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Oleander Aphids (Aphis nerii)


Detailing the physical features, habits, territorial reach and other identifying qualities of the Oleander Aphids



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Image Credit: Jerry A. from Austin, TX
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The rapid breeding and fast development of the tiny Oleander Aphid contributes to its status as a huge pest on ornamental flowers.



Updated: 07/07/2021; Authored By Staff Writer; Content ©www.InsectIdentification.org
The first sighting of a yellow-orange cluster of Oleander Aphids should put a gardener on the defensive. They feed on the plant juices of oleander, milkweed, butterfly weed, and wax plants - all popular plants in homes and butterfly gardens. Quick to reproduce during their short lives, Oleander Aphids need little time to infest a plant.

Oleanders are a popular ornamental flowering plant in southeastern states like Florida. Plant nurseries can lose product and profit because of an infestation. The aphid's presence ruins the beauty of the oleander because it creates a sticky 'honeydew' on the stems, which can eventually turn black with mold. Oleander Aphids use their mouthparts to poke into the plant stem and then siphon plant juices, damaging the plant's overall health. The ends of branches can deform and wilt as a result of this constant feeding. Other plants near infested ones are also at risk because the aphids can spread a plant virus, further impacting nurseries or gardens. Natural predators of the Oleander Aphid include certain kinds of parasitic wasps, Lady Beetles, Lacewings, and Hoverflies. Insecticide use to control aphid infestations is effective, but care must be taken in choosing one that will not also harm beneficial insects needed to pollinate flowers.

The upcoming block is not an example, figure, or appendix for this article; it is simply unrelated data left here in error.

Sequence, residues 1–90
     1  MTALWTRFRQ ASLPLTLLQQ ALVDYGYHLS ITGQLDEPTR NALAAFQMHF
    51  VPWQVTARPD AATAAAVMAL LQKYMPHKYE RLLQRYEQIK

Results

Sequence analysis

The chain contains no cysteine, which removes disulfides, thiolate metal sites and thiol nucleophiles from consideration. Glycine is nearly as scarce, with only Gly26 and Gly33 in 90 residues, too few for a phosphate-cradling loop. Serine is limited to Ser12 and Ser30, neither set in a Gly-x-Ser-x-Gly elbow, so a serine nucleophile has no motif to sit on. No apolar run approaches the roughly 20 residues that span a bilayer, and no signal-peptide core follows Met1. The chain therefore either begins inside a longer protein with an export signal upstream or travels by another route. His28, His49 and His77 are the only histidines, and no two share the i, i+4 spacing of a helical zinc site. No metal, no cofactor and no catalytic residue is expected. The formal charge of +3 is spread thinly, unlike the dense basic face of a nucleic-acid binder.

General Characteristics
Capability, Shape, Texture/Pattern, Benefits, Dangers
Harmful insect icon
Jumping insect icon


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Taxonomic Hierarchy
Species Breakdown
Kingdom: Animalia
  Phylum: Arthropoda
    Class: Insecta
      Order: Hemiptera
        Family: Aphididae
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          Genus: Aphis
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            Species: nerii
Identifying Information
Size, Colors, Features
Scientific Name: Aphis nerii
Other Name(s): Milkweed Aphids
Category: True Bug
Size (Adult; Length): 1mm to 4mm (0.03" to 0.15")
Colorwheel Graphic Colors: yellow, black
Descriptors: lime, lemon, citron, tiny, cluster, congregation, small, jumping, milkweed, harmful
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Relative Size Comparison
Typical Size Between 1mm (0.0in) and 4mm (0.2in)
Lo: 1mm
Md: 2.5mm
Hi: 4mm
Territorial Map*
U.S., Canada, and Mexico
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Alaska  
Hawaii  
Prince Edward Is.  
* MAP NOTES: The territorial heat map above showcases (in red) the states and territories of North America where the Oleander Aphids may be found (but is not limited to). This sort of data is useful when attempting to see concentrations of particular species across the continent as well as revealing possible migratory patterns over a species' given lifespan. Some insects are naturally confined by environment, weather, mating habits, food resources and the like while others see widespread expansion across most, or all, of North America. States/Territories shown above are a general indicator of areas inhabited by the Oleander Aphids. Insects generally go where they please, typically driven by diet, environmental changes, and / or mating habits.

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